It’s cognitive psychology in action. It’s not just “stimulus” and “response” anymore, now there’s a “belief about the stimulus” in between. What’s read is the stimulus and the reader’s beliefs about the stimulus will radically transform their response. It does not really matter if that’s what you meant to write or not, what the reader believes they read is all that matters to them.

    For example, lets say you’re skimming the net and you come across the sentence, “Black people should not do road construction work.” The wheels in the head start turning and, before you know it, you’ve written a 95 page dissertation about racism. Yet, what you read was referring to studies done by the American Cancer Society that indicates that people of African American descent are actually particularly susceptible to the benzene ring aerosols released by freshly paved roads. Suddenly, the 95 page dissertation should have been about why people’s heath concerns should not deny them employment.

    It’s incredibly easy to misinterpret a sentence. You might be thinking to yourself, “Well, just be more specific then, so these little mistakes don’t happen.” It’s not so simple – what you’d really need to know is how every single reader is likely to interpret it, and that would require an understanding of their life’s experience you simply won’t have.

    Expand this beyond a single sentence and into paragraphs. The bigger the block of text you’ve written, the more supporting angles you have to prevent misinterpretation. However, so also are the sentences you’ve created that can be misinterpreted. Nit pickers, people who read simply to find the one sentence that offends them, are not uncommon on today’s Internet message boards.

Where I used to sit on message boards and bicker for hours with somebody, trying to get them to see things my way, I now realize that this endeavor is simply pointless.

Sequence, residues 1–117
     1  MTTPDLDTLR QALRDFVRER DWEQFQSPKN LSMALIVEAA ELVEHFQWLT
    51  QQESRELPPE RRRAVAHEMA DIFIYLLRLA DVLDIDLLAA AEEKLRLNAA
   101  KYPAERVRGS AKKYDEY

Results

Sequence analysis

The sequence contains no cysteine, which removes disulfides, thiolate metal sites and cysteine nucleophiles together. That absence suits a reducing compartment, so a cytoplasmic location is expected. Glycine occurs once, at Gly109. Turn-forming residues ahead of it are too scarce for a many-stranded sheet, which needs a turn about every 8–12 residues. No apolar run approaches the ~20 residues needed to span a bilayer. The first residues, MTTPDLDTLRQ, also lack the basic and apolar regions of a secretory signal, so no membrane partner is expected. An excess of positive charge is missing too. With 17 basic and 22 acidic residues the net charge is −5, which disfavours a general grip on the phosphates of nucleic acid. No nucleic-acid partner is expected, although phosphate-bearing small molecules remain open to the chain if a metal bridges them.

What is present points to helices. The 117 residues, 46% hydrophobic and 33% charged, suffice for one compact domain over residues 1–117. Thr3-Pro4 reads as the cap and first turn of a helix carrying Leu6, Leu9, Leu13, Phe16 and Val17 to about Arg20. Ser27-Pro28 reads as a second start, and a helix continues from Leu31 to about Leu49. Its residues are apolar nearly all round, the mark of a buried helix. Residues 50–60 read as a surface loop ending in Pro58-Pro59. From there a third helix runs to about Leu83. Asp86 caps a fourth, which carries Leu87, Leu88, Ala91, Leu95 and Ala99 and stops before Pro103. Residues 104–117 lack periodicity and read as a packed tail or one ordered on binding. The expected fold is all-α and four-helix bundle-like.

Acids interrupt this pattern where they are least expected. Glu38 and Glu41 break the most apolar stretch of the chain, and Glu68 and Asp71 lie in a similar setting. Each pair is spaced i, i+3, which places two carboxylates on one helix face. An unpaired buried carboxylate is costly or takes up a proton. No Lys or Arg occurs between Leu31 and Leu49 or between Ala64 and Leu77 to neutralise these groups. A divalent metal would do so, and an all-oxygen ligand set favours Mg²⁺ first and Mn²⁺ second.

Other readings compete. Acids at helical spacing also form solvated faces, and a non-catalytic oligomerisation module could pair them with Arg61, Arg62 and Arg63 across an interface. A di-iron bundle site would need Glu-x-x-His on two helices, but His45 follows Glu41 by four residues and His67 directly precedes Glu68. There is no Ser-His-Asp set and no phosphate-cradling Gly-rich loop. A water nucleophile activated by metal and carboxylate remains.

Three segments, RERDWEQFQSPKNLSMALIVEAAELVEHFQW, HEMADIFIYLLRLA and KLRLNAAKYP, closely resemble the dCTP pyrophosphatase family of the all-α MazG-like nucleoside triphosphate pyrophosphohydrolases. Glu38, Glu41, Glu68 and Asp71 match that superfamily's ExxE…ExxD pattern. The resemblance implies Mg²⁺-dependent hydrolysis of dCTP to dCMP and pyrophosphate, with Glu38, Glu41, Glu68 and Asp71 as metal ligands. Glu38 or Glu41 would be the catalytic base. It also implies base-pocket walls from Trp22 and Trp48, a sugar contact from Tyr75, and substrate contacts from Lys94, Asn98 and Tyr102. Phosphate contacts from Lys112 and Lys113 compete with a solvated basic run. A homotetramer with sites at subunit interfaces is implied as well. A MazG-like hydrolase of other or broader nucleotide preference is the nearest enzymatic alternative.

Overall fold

For me to generate total agreement in someone who seems unable to do so, I’d likely need to overcome all three of these hurdles. I’d need to write paragraphs that cannot be misconstrued, I’d need to get the reader to read it, and I’d need their life experience to be compatible enough with what I’m writing to understand me implicitly. Fat chance.

The personal growth in accepting this realization is great. Applied to others, away goes all the stress of trying to convince them of anything. When I apply this lens to myself, I realize that I am also susceptible to these limitations as any other. It’s okay if people say I’m clueless or deluding myself – I am – and so, for that matter, are they.

Where there was once chagrin that some people could not seem to understand me, there is now a sense of humor, and this probably the best policy. Humor is a better policy because people are more likely to be open-minded to somebody they feel friendly towards than some bitter old sod quoting them inalienable truths. (I think I better understand why so many of those Zen Buddhists have a sense of humor.) A sense of humor also comes in handy to when dealing with the inevitability of being unable to be truly understood.

The Internet has become the focal point of the information age, a beacon of what we can accomplish if we gather humanity’s knowledge and put it up for all to access. However, in doing so, we’re coming to grips with the very fabric of what we call information and how we communicate it. We’re bumping elbows with our own human stupidity, how far we really have come since we descended from the trees, and it has not been very flattering.

One Response

  1. Excellent post, and consistent with my own experiences. Well done.

    You racist.

    (kidding!)